The battle for the euro zone’s survival hinges on finding a way to unlock the European Central Bank’s firepower. Even if countries such as Italy and Spain implement necessary reforms, they may not be able to borrow at reasonable rates. The ECB can prop up markets by buying bonds in the secondary market, but is forbidden by European Union treaties and its own statutes from financing countries directly. One idea doing the rounds is to use the International Monetary Fund to circumvent the rules.
There’s some legal basis to such a scheme. European council regulation 3603/93 exempts ECB loans to the IMF from the prohibitions on government funding. Article 23 in the ECB’s own statutes allows it to transact with international organisations.
Such loopholes aren’t legally watertight; neither clause was ever intended to fast-track massive bailouts. However, using the IMF would bring other advantages that could make the case for ECB intervention more robust. Firstly, the IMF lends under strict conditionality. That would remove the decision to lend from the ECB’s governing council, potentially assuaging critics who view interventions – including the current policy of buying bonds in the secondary market – as compromising the central bank’s independence. It would also keep the pressure on bailed-out countries, easing fears of moral hazard.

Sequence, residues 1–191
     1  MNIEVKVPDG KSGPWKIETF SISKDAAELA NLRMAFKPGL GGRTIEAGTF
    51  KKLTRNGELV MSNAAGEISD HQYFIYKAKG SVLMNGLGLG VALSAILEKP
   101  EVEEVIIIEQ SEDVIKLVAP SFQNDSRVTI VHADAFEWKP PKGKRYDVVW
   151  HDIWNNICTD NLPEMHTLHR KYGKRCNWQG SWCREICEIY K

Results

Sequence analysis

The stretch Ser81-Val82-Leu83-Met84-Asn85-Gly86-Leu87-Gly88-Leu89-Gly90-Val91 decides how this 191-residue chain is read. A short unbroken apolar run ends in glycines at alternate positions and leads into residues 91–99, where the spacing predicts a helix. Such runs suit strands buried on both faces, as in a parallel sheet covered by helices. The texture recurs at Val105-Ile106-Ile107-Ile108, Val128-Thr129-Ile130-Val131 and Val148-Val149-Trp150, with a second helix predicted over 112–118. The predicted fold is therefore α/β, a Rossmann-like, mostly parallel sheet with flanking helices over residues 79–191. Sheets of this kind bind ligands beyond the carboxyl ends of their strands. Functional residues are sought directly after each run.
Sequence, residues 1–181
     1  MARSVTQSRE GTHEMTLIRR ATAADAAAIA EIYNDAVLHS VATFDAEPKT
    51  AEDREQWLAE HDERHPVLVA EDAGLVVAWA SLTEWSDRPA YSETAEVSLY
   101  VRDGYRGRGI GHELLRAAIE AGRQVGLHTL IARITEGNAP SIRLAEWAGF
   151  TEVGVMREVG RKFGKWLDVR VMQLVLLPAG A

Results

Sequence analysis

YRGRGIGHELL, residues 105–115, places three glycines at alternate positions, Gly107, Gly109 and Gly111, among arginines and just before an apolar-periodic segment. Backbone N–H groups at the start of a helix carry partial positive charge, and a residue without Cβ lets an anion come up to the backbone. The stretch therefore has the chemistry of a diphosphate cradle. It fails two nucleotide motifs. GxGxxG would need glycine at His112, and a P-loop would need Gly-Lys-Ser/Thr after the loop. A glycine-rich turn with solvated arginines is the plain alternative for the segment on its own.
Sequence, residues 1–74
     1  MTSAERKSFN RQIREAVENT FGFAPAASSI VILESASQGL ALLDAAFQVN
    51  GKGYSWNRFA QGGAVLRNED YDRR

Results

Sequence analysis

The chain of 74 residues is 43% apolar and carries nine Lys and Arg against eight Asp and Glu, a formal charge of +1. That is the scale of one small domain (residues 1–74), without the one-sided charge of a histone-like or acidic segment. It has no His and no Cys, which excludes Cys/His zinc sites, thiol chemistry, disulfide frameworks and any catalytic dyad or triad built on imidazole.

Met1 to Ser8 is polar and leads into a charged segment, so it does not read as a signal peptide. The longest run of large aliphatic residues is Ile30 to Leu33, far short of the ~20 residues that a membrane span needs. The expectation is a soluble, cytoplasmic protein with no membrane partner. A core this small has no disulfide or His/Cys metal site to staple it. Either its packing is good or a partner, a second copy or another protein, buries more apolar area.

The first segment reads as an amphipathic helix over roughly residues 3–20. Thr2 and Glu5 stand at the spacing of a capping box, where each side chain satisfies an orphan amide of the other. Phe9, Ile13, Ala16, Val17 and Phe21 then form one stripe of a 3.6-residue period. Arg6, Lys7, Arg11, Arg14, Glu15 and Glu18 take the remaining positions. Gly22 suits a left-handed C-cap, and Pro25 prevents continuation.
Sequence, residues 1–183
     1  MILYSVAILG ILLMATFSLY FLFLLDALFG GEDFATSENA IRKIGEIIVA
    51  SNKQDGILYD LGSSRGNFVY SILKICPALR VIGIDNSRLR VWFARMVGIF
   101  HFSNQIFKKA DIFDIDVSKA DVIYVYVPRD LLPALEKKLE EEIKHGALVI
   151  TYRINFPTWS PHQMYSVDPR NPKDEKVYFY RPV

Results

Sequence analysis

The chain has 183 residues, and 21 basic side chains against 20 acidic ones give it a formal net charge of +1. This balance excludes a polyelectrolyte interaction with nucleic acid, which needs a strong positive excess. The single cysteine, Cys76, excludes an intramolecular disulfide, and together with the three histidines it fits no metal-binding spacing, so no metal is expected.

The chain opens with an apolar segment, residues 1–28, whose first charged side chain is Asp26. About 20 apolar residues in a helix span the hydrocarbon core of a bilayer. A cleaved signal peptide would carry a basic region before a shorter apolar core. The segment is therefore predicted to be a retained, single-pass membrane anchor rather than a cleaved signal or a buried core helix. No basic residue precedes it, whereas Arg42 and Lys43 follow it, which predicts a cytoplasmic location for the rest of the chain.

Also, the IMF lends under a gentleman’s agreement that it will get its money back before other creditors. Unlike its secondary market purchases, that would reduce the ECB’s financial risks.
Putting the IMF and ECB at the front of the queue could spook bond markets by subordinating existing investors. However, that would be offset by the benefits of cheap funding.
The biggest obstacles to an ECB/IMF programme are probably political, not legal. The euro zone will not like the idea of transferring control of its destiny, while IMF member states won’t be keen on the fund underwriting massive euro zone risks. One possible way to reduce this would be to set up a specific facility where any potential losses are passed through to the ECB.
Funding the IMF through the ECB may sound unorthodox, but no less so than the current policy of secondary market purchases. It is worth a closer look.